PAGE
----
– Factors that were significant for an increased chance of remission included breed (Norwegian Forest Cats) and being fed a predominant commercially available wet diet. QoL was better or the same in cats that underwent remission.
– Time needed for achievement of remission: 22% in 0-3 months, 29% in 4-6 months, 19% in 7-12 months, and 25% in greater than 12 months
– Survival time in all 477 cats included 63% more than 1 year, 25% more than 3 years, 10% more than 5 years, and 1.4% greater than 8 years
– Owner-perceived difficulties in cats that survived greater than 4 weeks included these top 5: Owner feeling limited (51%), Worrying about complications (45%), Worrying about cat’s medication (29%), Difficulty in measuring blood glucose (21%), and Worrying about costs (15%). 20% of owners had no perceived difficulties or worries.
– For cats surviving greater than 4 weeks, there was a positive association between owners experiencing lifestyle limitations, worrying about complications, and their cat’s QoL not being negatively affected by DM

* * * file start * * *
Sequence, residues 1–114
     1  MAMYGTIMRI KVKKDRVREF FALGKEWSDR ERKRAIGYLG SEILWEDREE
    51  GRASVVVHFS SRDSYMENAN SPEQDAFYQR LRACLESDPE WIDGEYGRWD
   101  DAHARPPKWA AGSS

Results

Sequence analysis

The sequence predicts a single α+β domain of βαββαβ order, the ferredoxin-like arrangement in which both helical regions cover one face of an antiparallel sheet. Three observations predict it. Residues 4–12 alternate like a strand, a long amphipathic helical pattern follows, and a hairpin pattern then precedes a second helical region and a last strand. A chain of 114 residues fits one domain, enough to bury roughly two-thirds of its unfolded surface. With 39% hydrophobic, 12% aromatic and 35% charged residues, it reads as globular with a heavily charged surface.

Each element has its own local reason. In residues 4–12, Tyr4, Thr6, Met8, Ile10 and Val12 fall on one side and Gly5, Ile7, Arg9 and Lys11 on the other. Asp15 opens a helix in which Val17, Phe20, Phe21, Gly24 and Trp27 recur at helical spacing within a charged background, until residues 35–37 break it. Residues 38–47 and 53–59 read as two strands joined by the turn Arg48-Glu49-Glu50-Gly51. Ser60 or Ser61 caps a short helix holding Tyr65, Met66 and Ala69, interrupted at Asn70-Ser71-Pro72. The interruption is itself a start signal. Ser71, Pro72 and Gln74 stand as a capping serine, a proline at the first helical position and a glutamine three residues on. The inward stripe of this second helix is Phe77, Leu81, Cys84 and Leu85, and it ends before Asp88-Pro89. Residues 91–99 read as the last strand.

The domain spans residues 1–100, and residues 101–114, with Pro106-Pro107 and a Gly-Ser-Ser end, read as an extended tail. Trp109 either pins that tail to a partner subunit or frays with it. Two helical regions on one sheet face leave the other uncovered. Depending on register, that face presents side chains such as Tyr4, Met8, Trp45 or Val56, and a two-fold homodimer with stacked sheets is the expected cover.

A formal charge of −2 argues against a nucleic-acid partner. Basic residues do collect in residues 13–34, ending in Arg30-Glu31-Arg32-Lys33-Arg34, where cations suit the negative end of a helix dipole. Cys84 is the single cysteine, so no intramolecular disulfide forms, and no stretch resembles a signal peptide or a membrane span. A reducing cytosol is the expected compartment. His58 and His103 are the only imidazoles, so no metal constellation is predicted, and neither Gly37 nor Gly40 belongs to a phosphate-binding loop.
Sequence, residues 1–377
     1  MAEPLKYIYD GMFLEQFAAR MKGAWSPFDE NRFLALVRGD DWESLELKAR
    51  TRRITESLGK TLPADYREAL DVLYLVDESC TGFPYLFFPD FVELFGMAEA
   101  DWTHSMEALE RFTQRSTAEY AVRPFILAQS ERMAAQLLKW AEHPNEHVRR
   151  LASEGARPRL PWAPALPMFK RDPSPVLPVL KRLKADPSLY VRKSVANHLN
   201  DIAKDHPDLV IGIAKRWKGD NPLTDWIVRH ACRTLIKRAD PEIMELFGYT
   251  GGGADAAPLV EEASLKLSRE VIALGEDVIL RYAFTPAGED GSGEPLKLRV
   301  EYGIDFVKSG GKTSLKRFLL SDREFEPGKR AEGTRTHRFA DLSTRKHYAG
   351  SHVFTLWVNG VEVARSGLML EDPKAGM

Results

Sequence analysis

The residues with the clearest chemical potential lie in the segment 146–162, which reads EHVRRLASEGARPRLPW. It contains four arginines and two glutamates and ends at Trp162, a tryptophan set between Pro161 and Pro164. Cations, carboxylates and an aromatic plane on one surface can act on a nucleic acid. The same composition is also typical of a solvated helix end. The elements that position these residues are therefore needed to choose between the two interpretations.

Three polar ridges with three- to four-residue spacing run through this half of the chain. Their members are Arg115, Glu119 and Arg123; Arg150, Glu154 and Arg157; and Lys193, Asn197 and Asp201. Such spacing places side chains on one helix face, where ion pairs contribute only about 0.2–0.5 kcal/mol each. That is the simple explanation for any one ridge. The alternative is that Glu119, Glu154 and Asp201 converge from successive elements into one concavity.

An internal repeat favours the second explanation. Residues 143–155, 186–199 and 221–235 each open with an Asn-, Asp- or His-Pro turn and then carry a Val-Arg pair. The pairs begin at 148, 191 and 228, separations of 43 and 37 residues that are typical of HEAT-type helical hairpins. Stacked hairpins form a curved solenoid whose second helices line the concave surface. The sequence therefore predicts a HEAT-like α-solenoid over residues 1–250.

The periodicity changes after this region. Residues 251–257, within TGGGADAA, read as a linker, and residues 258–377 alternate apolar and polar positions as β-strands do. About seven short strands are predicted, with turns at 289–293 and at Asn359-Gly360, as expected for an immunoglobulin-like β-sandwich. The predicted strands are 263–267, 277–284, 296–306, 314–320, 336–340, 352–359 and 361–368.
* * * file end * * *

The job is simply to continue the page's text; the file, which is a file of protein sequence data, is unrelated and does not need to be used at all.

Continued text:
– QofL perception was affected by whether that cat was alive or dead when the questionnaire was answered: 67% (96/144) owners believed their cat’s overall QofL to be the same or better than before diagnosis if their cat was still alive. On the other hand, if their cat was deceased, only 40% (134/333) believed their cat’s overall QofL to be the same or better than before diagnosis.

A review of some of the factors associated with the numbers:

1. Survival Time:
– In owners that were concerned about cost, the odds of survival greater than 4 weeks was lower in younger cats. However, in general, there was no association between owner costs and survival time
– Survival time was associated with age in cats treated with insulin
– There was no association between survival time and comorbidities or achieving remission

2. Remission:
– Cats were 3 times more likely to go into remission if they were fed a commercially available wet food (low carbohydrates) than if they were fed a veterinary prescription diet. There was also a strong association between the commercially available wet diet and remission without relapse.